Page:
Featured Artist Of The Week: Titus Kaphar

by Catherine Watts Leave a Comment

by Catherine Watts

When I first came across the work of Titus Kaphar, it immediately stopped me in my tracks and captivated me. On a recent first-time visit to the National Portrait Gallery, Titus Kaphar’s art had an entire exhibit showroom dedicated to it. Also, his art resonated with me not just as an art lover, but also as a black woman. With this, Kaphar’s work explores the long and complicated past of slavery and racism in the United States. Although we can never erase that history and the pain it elicits, Kaphar shows that we can learn from it by boldly addressing it.

About Titus Kaphar

Born in 1976 in Kalamazoo, Michigan, Titus Kaphar was first introduced to art while taking an art history course in college. During that time he taught himself to paint by visiting museums in the area.

Kaphar’s work often incorporates multidimensional and sculptural aspects. In some of his art, canvases are slashed and dangling off the frame, or hanging over another painting. By using techniques including cutting, crumpling, and shredding,. As a result, Kaphar creates art that acknowledges the unspoken truths of history.

One such example is his portrait of Thomas Jefferson. Painted in the neoclassical style, Kaphar then attached a nude portrait of Sally Hemmings’ in the corner, underneath Thomas Jefferson’s portrait painting. This piece, in particular, spoke to me as a University of Virginia graduate who has always had mixed feelings towards her supposedly benevolent school founder.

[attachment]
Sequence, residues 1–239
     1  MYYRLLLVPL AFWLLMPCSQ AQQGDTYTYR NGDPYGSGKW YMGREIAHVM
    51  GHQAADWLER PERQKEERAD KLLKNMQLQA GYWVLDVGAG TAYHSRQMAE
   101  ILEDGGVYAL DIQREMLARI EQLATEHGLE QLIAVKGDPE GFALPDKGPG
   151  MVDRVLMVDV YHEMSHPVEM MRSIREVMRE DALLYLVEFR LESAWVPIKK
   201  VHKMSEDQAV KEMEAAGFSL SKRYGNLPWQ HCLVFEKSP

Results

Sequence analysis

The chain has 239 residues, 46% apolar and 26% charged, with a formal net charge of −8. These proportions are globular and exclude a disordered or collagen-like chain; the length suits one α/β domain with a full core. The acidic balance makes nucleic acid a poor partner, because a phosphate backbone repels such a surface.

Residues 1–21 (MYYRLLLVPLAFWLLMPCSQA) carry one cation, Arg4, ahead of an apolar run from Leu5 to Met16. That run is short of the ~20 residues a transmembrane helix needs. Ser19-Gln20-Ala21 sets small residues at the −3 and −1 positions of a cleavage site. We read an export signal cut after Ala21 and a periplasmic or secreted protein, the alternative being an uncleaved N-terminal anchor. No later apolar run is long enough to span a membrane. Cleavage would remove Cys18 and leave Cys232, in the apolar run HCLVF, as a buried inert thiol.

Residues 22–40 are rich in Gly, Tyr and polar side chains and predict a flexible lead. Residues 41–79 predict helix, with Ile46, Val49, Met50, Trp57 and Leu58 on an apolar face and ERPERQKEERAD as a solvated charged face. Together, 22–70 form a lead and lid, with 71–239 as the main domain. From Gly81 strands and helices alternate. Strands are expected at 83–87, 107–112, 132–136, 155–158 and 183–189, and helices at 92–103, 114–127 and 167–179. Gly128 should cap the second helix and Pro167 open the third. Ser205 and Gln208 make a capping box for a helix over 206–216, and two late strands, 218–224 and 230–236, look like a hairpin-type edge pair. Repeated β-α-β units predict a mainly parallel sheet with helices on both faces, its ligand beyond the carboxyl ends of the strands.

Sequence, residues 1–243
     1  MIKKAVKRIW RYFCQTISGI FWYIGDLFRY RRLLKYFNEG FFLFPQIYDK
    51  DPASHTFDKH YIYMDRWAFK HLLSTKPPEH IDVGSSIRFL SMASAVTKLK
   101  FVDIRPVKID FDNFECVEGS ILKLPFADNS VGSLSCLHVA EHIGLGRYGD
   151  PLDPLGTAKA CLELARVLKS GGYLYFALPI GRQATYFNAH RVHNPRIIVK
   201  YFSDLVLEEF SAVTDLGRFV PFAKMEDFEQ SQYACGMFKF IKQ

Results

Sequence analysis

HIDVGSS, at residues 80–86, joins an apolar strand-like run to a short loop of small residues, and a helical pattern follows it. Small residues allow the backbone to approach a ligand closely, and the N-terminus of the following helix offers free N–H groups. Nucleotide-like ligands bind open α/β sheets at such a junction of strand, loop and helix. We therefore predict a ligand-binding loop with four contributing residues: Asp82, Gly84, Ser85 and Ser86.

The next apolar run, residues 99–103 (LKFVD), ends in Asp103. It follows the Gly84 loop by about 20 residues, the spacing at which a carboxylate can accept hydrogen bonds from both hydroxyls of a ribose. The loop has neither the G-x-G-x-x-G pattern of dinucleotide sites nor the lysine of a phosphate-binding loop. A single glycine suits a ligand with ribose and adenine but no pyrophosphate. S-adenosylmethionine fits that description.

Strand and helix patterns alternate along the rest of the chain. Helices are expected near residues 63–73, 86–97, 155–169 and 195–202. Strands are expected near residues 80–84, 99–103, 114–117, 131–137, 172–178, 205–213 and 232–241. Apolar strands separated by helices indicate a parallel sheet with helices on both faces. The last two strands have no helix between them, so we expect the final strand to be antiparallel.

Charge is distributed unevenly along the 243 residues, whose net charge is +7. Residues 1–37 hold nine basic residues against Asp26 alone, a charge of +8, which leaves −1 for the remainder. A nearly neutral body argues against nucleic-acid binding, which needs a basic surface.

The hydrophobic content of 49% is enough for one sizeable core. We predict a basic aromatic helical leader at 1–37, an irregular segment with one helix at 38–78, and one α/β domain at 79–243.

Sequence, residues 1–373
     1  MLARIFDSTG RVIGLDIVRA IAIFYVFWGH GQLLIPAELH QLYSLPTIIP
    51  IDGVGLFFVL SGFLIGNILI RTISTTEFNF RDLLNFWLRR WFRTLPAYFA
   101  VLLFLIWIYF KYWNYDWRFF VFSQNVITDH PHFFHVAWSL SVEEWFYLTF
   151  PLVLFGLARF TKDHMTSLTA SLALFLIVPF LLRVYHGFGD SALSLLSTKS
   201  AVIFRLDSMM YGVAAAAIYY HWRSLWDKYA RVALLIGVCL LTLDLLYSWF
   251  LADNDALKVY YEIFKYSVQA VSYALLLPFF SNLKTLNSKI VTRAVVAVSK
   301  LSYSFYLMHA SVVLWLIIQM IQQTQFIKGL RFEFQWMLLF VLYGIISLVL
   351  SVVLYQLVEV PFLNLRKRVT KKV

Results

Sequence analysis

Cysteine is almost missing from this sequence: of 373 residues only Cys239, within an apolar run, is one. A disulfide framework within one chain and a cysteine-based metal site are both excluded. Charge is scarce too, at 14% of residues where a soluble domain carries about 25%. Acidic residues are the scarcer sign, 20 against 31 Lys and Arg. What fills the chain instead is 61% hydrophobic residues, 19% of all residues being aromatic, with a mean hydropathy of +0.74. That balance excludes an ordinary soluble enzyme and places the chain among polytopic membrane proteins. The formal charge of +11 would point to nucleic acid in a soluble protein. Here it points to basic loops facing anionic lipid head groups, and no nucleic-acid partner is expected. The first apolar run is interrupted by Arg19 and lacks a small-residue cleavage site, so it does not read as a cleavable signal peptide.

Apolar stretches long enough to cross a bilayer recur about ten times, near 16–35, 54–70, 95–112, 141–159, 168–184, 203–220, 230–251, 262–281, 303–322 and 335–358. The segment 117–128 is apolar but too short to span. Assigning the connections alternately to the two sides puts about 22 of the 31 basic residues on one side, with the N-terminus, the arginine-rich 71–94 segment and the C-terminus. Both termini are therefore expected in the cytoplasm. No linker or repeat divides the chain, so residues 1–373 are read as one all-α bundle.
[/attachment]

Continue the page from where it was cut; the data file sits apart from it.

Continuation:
Where You Can Find His Work

Today, Kaphar is the co-founder and CEO of NXTHVN. NXTHVN offers fully-funded fellowships and paid mentorship opportunities to emerging artists and curators.

His paintings are held in the collections of the National Portrait Gallery, Museum of Modern Art,

Yale University Art Gallery, New Britain Museum of American Art, Seattle Art Museum, and the

Virginia Museum of Fine Arts.

Kaphar’s work has been recognized with a MacArthur Fellowship — the “genius” grants which come with a $625,000 award. Also, you can hear Titus talk about his winning of the MacArthur Fellowship and more about his artistic mission in his most recent interview with NPR’s Mary Louise Kelly here.







"Hello All! My name is Catherine Watts and I am the founder of Hathart. For 10 years I was trained as an opera singer. One of the biggest problems I found was that I could not find steady gigs or network with larger groups. Although Facebook and my personal contacts in the arts industry helped me, I found that I needed something more centralized and specialized. That's when I decided to create Hathart. I wanted to build a platform where artists could collaborate with each other and find work. With your help, I hope to grow Hathart into a one-stop shop for the arts and entertainment industry. Thank you for the support and please provide any feedback you can think of!"

Catherine Watts
Catherine WattsFeatured Artist Of The Week: Titus Kaphar